Tuesday, July 19, 2011

Grey

The word describes our weather and my mood. Since I PREFER our cool, cloudy weather over the oven-like atmosphere covering the rest of the country, I don't think that's contributing to my mood. Part of it is the burden I feel for the many people I know who are dealing with health crises. But moods are fickle things, not worth dwelling on, so let's not!

Yesterday Marta, Cadbury and Inky got sheared. I always look forward to the chance to get a good look at structure and condition - and then cover those freshly sheared fleeces for a clean harvest next year! My new gulmogets are quite small but correct and in good flesh; Inky was thin as expected. After shearing I trimmed hooves (Cadbury, Browning and Bart), then shuffled sheep to where they will remain for the rest of the summer. Browning, who was being a bully to Bart (and pushes the girls around sometimes) was put out with the big rams - where he immediately started trying to bully Blake! Marta and Sarai were moved to the corner pen of the ewes' fold, so they could get acquainted without harm, and Bart was put in the Ram-ada Inn where the new girls had been, next to Cadbury. Bart still needs to be wethered (the cobbler's children have no shoes), but at least he's weaned now.

Theresa Gygi has a most excellent post on Shetland sheep, their heritage and characteristics on her blog today. Check it out, and be sure to follow the link to the article from 1900! After reading this I feel even better about where my breeding flock is right now, bolstered by my three newest sheep with their wonderfully fine, soft, crimpy fleeces.

The resident barn swallows are raising four future fly-catchers. I feared they would run afoul (afeline?) of Oreo when they start to fledge, so last night I moved Oreo to the tack room for a few days to give the fledglings a better chance at surviving first flight. I hope the parents are able to forage enough food during this cool spell to keep their chicks fat!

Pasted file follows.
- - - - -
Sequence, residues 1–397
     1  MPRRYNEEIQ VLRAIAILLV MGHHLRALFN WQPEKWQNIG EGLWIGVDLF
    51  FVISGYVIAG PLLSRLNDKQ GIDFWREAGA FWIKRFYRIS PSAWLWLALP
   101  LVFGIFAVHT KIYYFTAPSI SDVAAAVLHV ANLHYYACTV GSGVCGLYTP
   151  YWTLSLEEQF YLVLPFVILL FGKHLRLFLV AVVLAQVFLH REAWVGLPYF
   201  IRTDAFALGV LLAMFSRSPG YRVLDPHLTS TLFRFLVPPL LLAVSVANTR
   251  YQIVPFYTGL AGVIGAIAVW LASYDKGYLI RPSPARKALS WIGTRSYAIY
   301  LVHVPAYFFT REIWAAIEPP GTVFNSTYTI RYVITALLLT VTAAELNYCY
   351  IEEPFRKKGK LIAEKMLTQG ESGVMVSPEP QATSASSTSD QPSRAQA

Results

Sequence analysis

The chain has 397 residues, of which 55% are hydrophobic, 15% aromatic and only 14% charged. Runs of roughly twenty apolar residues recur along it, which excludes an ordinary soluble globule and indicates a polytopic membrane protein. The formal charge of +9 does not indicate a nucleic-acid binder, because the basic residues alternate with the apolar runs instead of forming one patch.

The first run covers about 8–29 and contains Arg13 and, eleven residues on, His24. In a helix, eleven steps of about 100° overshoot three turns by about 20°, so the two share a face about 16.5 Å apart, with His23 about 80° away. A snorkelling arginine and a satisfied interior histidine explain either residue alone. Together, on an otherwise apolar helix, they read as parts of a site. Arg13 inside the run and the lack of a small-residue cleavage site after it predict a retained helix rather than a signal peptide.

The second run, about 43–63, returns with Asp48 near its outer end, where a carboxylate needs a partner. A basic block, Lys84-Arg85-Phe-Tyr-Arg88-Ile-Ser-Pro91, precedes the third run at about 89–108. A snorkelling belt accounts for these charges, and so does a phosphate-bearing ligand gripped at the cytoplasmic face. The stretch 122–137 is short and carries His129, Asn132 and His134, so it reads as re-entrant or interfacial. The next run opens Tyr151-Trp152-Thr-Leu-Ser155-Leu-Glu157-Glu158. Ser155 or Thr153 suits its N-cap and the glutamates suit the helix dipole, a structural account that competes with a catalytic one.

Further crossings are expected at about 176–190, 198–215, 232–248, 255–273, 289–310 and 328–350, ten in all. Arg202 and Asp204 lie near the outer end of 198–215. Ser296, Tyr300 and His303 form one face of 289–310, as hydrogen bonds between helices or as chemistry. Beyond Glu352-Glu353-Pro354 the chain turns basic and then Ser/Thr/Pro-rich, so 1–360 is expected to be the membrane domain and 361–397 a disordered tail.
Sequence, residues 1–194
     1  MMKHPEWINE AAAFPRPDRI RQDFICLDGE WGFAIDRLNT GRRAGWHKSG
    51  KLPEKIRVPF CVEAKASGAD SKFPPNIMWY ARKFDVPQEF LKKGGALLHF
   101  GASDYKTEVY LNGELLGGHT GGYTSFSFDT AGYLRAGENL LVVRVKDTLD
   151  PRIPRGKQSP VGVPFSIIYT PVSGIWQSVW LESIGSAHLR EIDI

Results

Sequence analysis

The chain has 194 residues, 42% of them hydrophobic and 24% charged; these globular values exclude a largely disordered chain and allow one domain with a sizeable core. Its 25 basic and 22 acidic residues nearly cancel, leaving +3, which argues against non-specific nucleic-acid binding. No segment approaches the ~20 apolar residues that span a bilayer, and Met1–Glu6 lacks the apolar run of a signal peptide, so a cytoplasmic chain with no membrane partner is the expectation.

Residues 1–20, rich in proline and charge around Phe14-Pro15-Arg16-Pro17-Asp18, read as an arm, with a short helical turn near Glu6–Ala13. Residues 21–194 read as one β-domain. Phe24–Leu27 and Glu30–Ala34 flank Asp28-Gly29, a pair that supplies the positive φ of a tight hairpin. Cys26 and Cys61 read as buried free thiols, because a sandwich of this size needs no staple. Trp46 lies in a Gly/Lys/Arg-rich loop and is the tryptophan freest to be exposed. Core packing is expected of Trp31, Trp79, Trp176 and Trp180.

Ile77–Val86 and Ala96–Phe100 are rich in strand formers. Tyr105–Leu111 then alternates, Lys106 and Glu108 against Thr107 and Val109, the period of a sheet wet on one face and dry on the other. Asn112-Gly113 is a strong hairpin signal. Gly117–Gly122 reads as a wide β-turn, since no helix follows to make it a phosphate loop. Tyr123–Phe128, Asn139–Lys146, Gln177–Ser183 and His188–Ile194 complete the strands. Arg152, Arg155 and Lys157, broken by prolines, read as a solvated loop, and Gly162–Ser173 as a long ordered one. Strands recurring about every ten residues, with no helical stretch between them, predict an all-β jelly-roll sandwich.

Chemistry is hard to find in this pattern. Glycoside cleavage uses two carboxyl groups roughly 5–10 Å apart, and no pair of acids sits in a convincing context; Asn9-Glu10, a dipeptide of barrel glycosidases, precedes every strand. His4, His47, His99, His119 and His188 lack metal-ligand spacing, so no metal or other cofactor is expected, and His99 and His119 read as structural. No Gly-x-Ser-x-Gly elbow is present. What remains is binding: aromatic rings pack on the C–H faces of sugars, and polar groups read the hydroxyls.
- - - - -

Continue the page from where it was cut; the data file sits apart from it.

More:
Yesterday I started plying my Inky singles, using my beautiful tulip Jenkins Swan spindle for the first time. I got the mugs in Kentucky when we visited Sara a couple years ago (they are available here); they make perfect yarn bowls to hold my balls of singles.

Speaking of Inky, she looked pretty tough this morning. I'm not sure why; my shearer was kind and did what he could with her standing (I got the rest with scissors). Getting old is not for sissies, nor is it a picnic for those of us who love them.

That's it for today from . . .

12 comments:

Kelly Bartels said...

I simply adore those sheep mugs!!! And your shots of Inky made me cry all over again...Why do they have to get old?
BTW-cute little cobbler/vet poke.

Michelle said...

Kelly, I just added a hot link to the potter's website, should you decide you HAVE to have some! ;-)

Kelly Bartels said...

Awesome, I think I just might have to HAVE some. lol Thanks

Marie said...

Tonya does incredible pottery! I also have a mug from her and it is my favorite.

Sheila said...

Inky looks like she should have slept in this morning. Maybe she needs some extra TLC; us old ladies always appreciate that!

Michelle said...

Sheila, I fed her grain out of my hand while she was still laying down this morning; does that count? ;-)

Franna said...

Marta and especially Cadbury are looking good! I really feel for Inky - I feel like that after shearing my own sheep!

Laura said...

Inky looks very tired - of life, shearing, eating, standing - just everything. There are times that I feel the same!!

Theresa said...

I hope Inky is back to feeling a bit more spry by now.
The cool weather has been nice though, what a different sort of summer all together.

tonya said...

Thanks for sharing my link, I got an order yesterday from Kelly :) She said you were a great salesperson! Thanks!
Tonya

tonya said...

and p.s. I hope Inky is feeling better. Poor girl.

Michelle said...

You're most welcome, Tonya; I love my sheepie mugs! (And got better photos of them in later posts....)

Inky is doing better with the help of modern pharmacology. (-;